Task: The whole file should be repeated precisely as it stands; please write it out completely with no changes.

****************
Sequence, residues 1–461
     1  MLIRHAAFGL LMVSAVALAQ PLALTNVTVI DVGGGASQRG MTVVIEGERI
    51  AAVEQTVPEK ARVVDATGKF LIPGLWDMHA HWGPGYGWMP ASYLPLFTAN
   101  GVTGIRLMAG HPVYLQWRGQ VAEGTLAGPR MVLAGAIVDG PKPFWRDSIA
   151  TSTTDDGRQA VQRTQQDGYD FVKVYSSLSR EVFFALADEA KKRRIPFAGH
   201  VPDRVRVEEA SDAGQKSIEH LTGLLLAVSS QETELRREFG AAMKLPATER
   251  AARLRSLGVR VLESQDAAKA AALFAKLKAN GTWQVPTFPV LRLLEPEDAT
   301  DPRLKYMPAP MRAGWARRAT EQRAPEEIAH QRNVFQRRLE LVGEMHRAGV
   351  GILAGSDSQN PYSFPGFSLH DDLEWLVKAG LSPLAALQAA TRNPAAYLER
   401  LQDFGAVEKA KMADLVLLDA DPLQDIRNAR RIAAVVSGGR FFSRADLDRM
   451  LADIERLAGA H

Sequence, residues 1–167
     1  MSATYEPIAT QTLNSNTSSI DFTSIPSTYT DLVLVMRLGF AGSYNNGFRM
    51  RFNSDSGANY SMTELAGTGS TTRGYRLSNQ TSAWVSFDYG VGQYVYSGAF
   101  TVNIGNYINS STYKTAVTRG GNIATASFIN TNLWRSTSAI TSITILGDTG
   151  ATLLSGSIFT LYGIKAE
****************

Sequence, residues 1–461
     1  MLIRHAAFGL LMVSAVALAQ PLALTNVTVI DVGGGASQRG MTVVIEGERI
    51  AAVEQTVPEK ARVVDATGKF LIPGLWDMHA HWGPGYGWMP ASYLPLFTAN
   101  GVTGIRLMAG HPVYLQWRGQ VAEGTLAGPR MVLAGAIVDG PKPFWRDSIA
   151  TSTTDDGRQA VQRTQQDGYD FVKVYSSLSR EVFFALADEA KKRRIPFAGH
   201  VPDRVRVEEA SDAGQKSIEH LTGLLLAVSS QETELRREFG AAMKLPATER
   251  AARLRSLGVR VLESQDAAKA AALFAKLKAN GTWQVPTFPV LRLLEPEDAT
   301  DPRLKYMPAP MRAGWARRAT EQRAPEEIAH QRNVFQRRLE LVGEMHRAGV
   351  GILAGSDSQN PYSFPGFSLH DDLEWLVKAG LSPLAALQAA TRNPAAYLER
   401  LQDFGAVEKA KMADLVLLDA DPLQDIRNAR RIAAVVSGGR FFSRADLDRM
   451  LADIERLAGA H

Sequence, residues 1–167
     1  MSATYEPIAT QTLNSNTSSI DFTSIPSTYT DLVLVMRLGF AGSYNNGFRM
    51  RFNSDSGANY SMTELAGTGS TTRGYRLSNQ TSAWVSFDYG VGQYVYSGAF
   101  TVNIGNYINS STYKTAVTRG GNIATASFIN TNLWRSTSAI TSITILGDTG
   151  ATLLSGSIFT LYGIKAE